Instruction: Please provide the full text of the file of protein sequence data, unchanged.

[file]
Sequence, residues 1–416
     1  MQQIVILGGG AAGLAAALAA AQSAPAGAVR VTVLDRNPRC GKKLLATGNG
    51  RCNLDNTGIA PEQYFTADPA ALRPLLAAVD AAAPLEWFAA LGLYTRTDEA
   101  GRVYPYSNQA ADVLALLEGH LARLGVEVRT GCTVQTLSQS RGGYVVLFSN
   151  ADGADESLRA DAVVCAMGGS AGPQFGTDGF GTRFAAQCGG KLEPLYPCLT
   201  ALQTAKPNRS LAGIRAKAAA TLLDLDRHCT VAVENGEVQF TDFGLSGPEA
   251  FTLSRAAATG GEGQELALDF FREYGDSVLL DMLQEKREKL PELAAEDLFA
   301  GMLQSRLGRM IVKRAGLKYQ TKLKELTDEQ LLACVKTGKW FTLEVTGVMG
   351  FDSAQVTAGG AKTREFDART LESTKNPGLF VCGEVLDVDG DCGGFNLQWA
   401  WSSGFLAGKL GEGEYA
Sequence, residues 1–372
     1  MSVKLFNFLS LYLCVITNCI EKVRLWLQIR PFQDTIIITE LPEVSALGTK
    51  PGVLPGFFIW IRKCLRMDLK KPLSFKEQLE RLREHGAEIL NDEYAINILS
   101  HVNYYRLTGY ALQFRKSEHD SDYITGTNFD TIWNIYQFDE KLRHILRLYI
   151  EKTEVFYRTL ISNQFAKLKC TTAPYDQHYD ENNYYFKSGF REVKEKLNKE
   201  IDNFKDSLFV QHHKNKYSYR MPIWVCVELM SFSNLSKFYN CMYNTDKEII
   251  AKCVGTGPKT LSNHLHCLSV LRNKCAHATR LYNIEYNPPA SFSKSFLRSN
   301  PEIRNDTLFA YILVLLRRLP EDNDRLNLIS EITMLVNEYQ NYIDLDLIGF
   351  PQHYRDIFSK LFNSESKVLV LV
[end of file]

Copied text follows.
Sequence, residues 1–416
     1  MQQIVILGGG AAGLAAALAA AQSAPAGAVR VTVLDRNPRC GKKLLATGNG
    51  RCNLDNTGIA PEQYFTADPA ALRPLLAAVD AAAPLEWFAA LGLYTRTDEA
   101  GRVYPYSNQA ADVLALLEGH LARLGVEVRT GCTVQTLSQS RGGYVVLFSN
   151  ADGADESLRA DAVVCAMGGS AGPQFGTDGF GTRFAAQCGG KLEPLYPCLT
   201  ALQTAKPNRS LAGIRAKAAA TLLDLDRHCT VAVENGEVQF TDFGLSGPEA
   251  FTLSRAAATG GEGQELALDF FREYGDSVLL DMLQEKREKL PELAAEDLFA
   301  GMLQSRLGRM IVKRAGLKYQ TKLKELTDEQ LLACVKTGKW FTLEVTGVMG
   351  FDSAQVTAGG AKTREFDART LESTKNPGLF VCGEVLDVDG DCGGFNLQWA
   401  WSSGFLAGKL GEGEYA
Sequence, residues 1–372
     1  MSVKLFNFLS LYLCVITNCI EKVRLWLQIR PFQDTIIITE LPEVSALGTK
    51  PGVLPGFFIW IRKCLRMDLK KPLSFKEQLE RLREHGAEIL NDEYAINILS
   101  HVNYYRLTGY ALQFRKSEHD SDYITGTNFD TIWNIYQFDE KLRHILRLYI
   151  EKTEVFYRTL ISNQFAKLKC TTAPYDQHYD ENNYYFKSGF REVKEKLNKE
   201  IDNFKDSLFV QHHKNKYSYR MPIWVCVELM SFSNLSKFYN CMYNTDKEII
   251  AKCVGTGPKT LSNHLHCLSV LRNKCAHATR LYNIEYNPPA SFSKSFLRSN
   301  PEIRNDTLFA YILVLLRRLP EDNDRLNLIS EITMLVNEYQ NYIDLDLIGF
   351  PQHYRDIFSK LFNSESKVLV LV